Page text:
Jussie Smollett stands accused of falsely claiming to be the victim of a racially and politically motivated hate crime. What does the bible have to say about such things?
If the charge against Smollett is accurate, meaning that he falsely claimed to have been attacked, then he is guilty of offering false testimony. The bible says that those who give false testimony should receive the punishment they sought to inflict on others.
If a malicious witness arises to accuse a person of wrongdoing, then both parties to the dispute shall appear before the LORD, before the priests and the judges who are in office in those days. The judges shall inquire diligently, and if the witness is a false witness and has accused his brother falsely, then you shall do to him as he had meant to do to his brother. So you shall purge the evil from your midst. And the rest shall hear and fear, and shall never again commit any such evil among you. And thine eye shall not pity; but life shall go for life, eye for eye, tooth for tooth, hand for hand, foot for foot.
This is perfect justice.
Suppose one man, John, accuses another man, let’s call him George, of murder, and he brings a false charge against him. What is the proper punishment? Biblically, the punishment for murder is execution, so, George’s life is on the line. The lie is an attempted murder. John has attempted to take the life of an innocent man.
The only thing that could be a just response to such a plot is to execute the liar. He must be punished with the same punishment he sought to inflict. If the government does any less than to execute the false witness, it has judged that the lives of the two men are not equal.
In the case of Smollett, the apparent target of his claim is not an individual. It wasn’t motivated by hatred of an individual, but rather hatred of a group of people. Smollett, (again, assuming he lied,) hated Trump supporters and wanted them to be shamed and shunned. It was a politically motivated, hate crime.
Assuming that Smollett is guilty, what should happen? The bible teaches that justice would be served by the trouble he sought to bring to someone else falling on him. By rights, he ought the shamed and shunned. He ought to be a pariah, an outcast. His political opinion and voice should count for nothing.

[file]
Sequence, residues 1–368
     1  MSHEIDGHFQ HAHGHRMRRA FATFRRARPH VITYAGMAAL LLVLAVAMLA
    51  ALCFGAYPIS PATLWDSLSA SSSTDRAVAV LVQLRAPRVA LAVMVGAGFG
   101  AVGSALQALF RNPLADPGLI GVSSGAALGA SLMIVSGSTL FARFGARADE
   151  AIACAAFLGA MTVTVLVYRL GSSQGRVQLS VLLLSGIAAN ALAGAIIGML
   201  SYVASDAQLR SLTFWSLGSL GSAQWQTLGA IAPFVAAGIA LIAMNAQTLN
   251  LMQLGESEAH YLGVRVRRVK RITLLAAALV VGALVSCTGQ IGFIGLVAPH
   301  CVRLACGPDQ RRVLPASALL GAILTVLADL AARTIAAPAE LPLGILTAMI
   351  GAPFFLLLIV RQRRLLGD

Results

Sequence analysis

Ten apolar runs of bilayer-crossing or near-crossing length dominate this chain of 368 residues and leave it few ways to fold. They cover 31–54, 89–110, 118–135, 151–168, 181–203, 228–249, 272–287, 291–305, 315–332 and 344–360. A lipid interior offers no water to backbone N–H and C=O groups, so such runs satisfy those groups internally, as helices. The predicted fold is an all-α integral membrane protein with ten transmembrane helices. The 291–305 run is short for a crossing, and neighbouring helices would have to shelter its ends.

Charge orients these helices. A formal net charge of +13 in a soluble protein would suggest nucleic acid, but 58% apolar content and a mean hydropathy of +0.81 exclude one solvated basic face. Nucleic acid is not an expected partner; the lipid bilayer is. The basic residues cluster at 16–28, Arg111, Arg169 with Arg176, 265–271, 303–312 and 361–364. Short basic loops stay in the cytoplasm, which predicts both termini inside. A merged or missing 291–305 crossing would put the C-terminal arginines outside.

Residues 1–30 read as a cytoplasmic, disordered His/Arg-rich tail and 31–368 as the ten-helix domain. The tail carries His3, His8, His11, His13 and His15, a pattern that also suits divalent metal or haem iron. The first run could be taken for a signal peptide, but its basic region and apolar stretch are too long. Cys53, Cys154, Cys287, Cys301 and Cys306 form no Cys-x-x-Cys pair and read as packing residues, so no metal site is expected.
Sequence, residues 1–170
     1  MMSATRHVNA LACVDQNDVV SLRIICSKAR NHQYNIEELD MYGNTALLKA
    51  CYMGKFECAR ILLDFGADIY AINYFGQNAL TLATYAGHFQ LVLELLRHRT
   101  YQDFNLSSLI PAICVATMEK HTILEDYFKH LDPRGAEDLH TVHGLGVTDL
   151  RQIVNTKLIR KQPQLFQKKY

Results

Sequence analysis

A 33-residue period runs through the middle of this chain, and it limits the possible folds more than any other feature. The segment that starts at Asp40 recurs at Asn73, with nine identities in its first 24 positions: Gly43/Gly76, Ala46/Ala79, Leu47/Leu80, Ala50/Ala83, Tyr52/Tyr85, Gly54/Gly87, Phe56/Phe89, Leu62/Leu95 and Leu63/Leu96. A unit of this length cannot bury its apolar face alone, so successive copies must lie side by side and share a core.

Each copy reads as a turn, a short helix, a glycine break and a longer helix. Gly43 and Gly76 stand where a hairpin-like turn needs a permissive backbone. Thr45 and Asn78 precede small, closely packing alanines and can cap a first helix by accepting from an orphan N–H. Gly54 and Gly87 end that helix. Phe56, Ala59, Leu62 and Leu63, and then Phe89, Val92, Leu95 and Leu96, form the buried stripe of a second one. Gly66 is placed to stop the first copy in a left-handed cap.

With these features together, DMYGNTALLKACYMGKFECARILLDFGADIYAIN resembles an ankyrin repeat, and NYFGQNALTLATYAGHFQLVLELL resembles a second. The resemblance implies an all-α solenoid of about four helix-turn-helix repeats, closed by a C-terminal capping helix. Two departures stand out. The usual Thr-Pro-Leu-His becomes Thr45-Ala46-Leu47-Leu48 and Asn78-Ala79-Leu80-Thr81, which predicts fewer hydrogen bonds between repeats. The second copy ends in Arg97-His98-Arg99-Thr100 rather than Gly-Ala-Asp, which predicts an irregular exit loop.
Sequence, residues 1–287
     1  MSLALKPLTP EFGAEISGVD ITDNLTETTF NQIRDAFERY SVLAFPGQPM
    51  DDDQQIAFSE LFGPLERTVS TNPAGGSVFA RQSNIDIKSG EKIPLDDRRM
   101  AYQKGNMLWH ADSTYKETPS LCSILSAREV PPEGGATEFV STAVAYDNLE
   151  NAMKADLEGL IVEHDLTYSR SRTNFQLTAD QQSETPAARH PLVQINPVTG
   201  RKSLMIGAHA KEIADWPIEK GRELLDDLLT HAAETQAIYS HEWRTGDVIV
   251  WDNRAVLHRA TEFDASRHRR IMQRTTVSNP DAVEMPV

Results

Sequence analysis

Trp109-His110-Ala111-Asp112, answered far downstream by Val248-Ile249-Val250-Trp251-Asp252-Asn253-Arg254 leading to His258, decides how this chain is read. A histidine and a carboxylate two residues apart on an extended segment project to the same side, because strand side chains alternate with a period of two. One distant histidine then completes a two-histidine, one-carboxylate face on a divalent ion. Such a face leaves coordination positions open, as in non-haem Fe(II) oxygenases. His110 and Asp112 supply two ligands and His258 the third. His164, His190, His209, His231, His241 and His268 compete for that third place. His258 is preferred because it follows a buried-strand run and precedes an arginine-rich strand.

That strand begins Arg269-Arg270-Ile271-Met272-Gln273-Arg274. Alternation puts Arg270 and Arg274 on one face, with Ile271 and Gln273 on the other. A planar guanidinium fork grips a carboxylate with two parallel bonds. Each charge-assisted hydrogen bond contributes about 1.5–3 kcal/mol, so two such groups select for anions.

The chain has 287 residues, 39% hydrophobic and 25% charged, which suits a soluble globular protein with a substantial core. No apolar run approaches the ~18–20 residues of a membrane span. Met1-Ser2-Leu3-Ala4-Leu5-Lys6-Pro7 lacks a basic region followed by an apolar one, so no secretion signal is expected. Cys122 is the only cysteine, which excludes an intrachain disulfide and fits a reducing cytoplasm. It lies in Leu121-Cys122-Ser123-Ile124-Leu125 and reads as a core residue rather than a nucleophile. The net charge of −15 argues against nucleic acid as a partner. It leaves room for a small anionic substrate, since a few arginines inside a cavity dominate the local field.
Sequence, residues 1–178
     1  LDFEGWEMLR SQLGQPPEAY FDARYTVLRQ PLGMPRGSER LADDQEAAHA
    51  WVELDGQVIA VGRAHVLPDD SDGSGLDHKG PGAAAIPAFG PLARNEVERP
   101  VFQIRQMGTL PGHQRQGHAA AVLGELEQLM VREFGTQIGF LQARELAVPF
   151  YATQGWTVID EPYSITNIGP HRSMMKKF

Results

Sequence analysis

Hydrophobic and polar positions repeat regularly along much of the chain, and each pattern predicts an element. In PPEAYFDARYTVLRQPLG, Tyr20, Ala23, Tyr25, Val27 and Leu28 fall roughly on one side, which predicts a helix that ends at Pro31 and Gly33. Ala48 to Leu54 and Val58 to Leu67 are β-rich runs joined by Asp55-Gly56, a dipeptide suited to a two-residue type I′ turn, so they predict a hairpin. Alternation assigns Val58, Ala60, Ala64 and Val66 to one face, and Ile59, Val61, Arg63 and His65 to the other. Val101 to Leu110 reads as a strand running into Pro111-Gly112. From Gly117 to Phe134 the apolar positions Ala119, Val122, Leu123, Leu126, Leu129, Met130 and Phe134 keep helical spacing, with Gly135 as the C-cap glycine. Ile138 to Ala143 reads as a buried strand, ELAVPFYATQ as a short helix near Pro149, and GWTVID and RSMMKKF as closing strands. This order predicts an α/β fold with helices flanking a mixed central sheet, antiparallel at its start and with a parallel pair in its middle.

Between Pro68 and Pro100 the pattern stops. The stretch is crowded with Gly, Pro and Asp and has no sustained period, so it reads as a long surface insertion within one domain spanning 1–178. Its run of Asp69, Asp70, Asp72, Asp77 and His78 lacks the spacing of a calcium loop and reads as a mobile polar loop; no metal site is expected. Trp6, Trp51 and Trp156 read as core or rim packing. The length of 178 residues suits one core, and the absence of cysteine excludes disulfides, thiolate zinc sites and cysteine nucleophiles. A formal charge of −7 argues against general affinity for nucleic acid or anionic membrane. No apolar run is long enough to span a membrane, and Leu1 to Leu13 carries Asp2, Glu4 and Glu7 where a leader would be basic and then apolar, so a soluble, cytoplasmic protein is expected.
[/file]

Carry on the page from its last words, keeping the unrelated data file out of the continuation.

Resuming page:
The evil Smollett sought to inflict was not primarily a legal one, it was a social one. This means that the primary punishment for his false accusation can not be enforced by the government, it must be carried out by society. His family and friends, his employer and coworkers, his landlord and his barber must count him a disgrace. This is how justice is served in such an incident. This is a tough “sentence,” no doubt, but those around him should not show him pity, they should do justice, as Deuteronomy 19:21 compels. If they fail to do justice, they are effectively joining with him in despising the people he sought to harm by false accusation.
When justice has been done, others will be afraid to make similar false accusations. This will allow the society to be at peace. In contrast, if there is no social punishment inflicted on Smollett, we can expect others to try the same thing. That would have serious consequences for American society.
What we cannot say is that his guilt is shared by all those who share his political opinions. Although there is no doubt that others are prone to similar temptations, he acted on them alone. Justice demands that he bear the guilt and the punishment alone. The bible tells us this, as well.
The soul who sins shall die. The son shall not suffer for the iniquity of the father, nor the father suffer for the iniquity of the son. The righteousness of the righteous shall be upon himself, and the wickedness of the wicked shall be upon himself.
If Smollett receives the punishment he deserves, and becomes a disgraced person, we should all recognize that justice has been done and go back to our business. We should not allow his evil action to produce anger and resentment towards anyone other than Smollett. Trump supporters (among which, I am numbered) must not wish for punishment to be inflicted on “people like him,” regardless of whether that means those who share his political opinions, or his ethnicity, or his sexual perversion, or even his family name. No matter how close someone is to Smollett, he must bare his guilt alone.
When judgment day arrives, each of us must bear our guilt alone before the throne of God. Family connections can not save us from his wrath. Having approved political opinions or being part of an oppressed minority will count for nothing. That others have sinned against you will not absolve you of your own guilt. If the hammer of God’s judgment falls on any of us it will utterly crush us. If you have ever wronged another human being, you will be cast away from the throne of God and removed from all his grace.
There is only one chance for any of us on the day of wrath, and that is to trust in Jesus to save. He alone is able to help us in that hour. Only the perfect righteousness of Christ can withstand the terrible justice of God. Take shelter in that Rock, because the soul that sins shall die, but all those that call upon the name of the lord shall be saved.